Hull Literature Festival 2004 
 the humber mouth  19th June - 4th July 2004

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Festival Critic

Sunday, 4th July
Illegal Media: Mute/Record and A Bastard's Tale

Friday 2nd July
Zoo & Logical Times

Friday 2nd July
Increpacion Danza: Tablao

Thursday 1st July
Ruth Padel: The Soho Leopard

Tuesday 29th June
Hijinx Theatre: Into My Own

Monday 28th June
Soulskin presented by Red Ladder
Review by Toni

Sunday 27th June
Richard Vergette: An Englishman's Home

Sunday 27th June
Tim Hunkin: Illegal Engineering

Saturday 26th June
Straw Dogs: John Gray's Thoughts on Humans and Other Animals
Review by Toni

Saturday 26th June
Brian Patten: Gargling With Jelly

Friday 25th June
The Audience: The Worst Seat in the House

Wednesday 23rd June
Simon Crump: My Elvis Blackout

Monday 21st June
Geoff Dyer: Yoga for People Who Can't Be Bothered To Do It



Thursday 1st July
Ruth Padel: The Soho Leopard
EICH Gallery, George Street

I admit it. I was ill-prepared for an hour in the company of Ruth Padel. I wasn't as aware of her as I should have been. I had failed to do any research. I didn't know I'd hang on her every word about tigers, leopards and Darth Vader.

I've since done some back-peddling. Realised that I was in the noisily air-conditioned room that is the EICH with a classical scholar that went on to win the UK National Poetry Competition, the former wordsmith behind the Sunday Poem column in the Independent on Sunday, that the woman in front of me had published six collections of poetry.

What I did know beforehand was that Ruth is a great-great granddaughter of Charles Darwin, which explained the animal fixation on its own before she told us, later, that she grew up surrounded by old books full of the wild creatures she adores.

Ruth looks and sounds like a poet. Fragile, long flowing neck scarf, a tiny voice that threatens to disappear until, that is, she starts, passionately, reading her work. Then, you just get so caught up in what she's saying that the outside world may as well stop.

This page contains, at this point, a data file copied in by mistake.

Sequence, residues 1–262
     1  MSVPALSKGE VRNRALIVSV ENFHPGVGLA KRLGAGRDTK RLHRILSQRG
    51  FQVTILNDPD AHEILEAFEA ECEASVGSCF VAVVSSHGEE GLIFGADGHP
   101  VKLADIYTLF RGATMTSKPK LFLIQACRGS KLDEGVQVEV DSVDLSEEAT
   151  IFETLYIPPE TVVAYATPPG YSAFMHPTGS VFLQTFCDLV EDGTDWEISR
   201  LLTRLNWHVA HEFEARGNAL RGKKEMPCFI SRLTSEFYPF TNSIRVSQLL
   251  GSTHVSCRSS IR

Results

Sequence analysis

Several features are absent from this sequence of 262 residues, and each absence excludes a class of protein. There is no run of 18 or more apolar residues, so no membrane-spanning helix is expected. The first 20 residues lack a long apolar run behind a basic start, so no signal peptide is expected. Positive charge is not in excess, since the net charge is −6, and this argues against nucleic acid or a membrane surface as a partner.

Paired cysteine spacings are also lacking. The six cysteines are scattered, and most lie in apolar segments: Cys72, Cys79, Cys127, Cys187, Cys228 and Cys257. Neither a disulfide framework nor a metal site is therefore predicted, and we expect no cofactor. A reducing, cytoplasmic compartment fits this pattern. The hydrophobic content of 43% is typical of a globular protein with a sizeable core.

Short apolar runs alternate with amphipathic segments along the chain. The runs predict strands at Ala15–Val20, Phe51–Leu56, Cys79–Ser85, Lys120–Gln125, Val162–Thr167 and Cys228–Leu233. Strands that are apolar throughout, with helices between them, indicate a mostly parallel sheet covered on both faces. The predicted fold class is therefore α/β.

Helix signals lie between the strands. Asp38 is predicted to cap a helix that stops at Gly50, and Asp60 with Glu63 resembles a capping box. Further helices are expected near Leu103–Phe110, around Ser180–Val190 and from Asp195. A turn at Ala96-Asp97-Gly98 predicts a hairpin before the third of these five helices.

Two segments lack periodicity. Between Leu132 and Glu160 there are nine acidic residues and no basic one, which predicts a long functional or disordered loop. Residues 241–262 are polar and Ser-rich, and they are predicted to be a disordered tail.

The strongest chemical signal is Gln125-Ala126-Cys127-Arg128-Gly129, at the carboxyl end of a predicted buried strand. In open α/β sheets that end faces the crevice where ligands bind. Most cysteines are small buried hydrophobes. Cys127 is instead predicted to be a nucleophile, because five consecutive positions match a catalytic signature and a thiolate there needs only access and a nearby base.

There are, I quickly found out, lots of poems about urban foxes in the collection The Soho Leopard. 12 poems charting a year in the life of... It's a relatively new book and Ruth admitted that she is still "breaking it in", before enthralling all with The Totteridge Vixen, Playtime, Red Harvest and Straight Lines. By spring, we learn in the latter, just a third of the foxes born earlier in the year will survive. The average nine year life span of a fox is reduced to just two years for those that live the urban lifestyle.

Her voice and words slam together animal life with contemporary imagery, hence two appearances of the dark lord from Star Wars. And the humour is a joy. Just the title The Forest, The Corrupt Official and a Bowl of Penis Soup does it for me.

It was a poem from an earlier collection, Letter to Onegin, that snared me though. A reworking of Pushkin, it flits about from first person to third person narration and, unless I'm a mistaken fool, exposes a lot about Ruth's craft and lays her bare. Ruth loves playing with her voice. I just sat there thinking "wow" - something I didn't expect when I walked in to the vacuous, vast space in which we all threatened to rattle around in but that was, instead, turned into an intimate space by the poet.

So, what's it all about, this wild-meets-modern life business, this obsession with animals wandering through Soho, Kings Cross and the Louisiana wetlands, this combination of mythology and sensuality? "It's about trying to break new ground and say new things," she says.

Ruth Padel has certainly opened me up to something new. A joy and, for me, a revelation.

Dave Windass
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He is a critic for the Big Issue, The Stage and a full-time journalist for the Hull Daily Mail.
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